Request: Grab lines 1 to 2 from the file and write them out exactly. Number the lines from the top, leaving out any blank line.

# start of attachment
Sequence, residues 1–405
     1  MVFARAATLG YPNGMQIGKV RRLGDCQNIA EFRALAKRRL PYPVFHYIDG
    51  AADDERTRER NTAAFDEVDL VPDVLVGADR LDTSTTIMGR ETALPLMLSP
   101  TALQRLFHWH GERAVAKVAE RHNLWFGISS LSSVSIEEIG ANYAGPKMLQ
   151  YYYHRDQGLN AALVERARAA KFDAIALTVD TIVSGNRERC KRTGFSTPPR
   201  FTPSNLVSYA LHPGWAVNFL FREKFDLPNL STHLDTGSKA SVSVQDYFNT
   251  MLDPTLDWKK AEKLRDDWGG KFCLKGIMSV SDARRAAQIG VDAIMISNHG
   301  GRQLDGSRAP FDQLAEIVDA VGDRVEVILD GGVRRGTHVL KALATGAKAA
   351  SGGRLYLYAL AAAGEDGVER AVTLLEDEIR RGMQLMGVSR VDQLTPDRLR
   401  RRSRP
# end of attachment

Sequence, residues 1–405
     1  MVFARAATLG YPNGMQIGKV RRLGDCQNIA EFRALAKRRL PYPVFHYIDG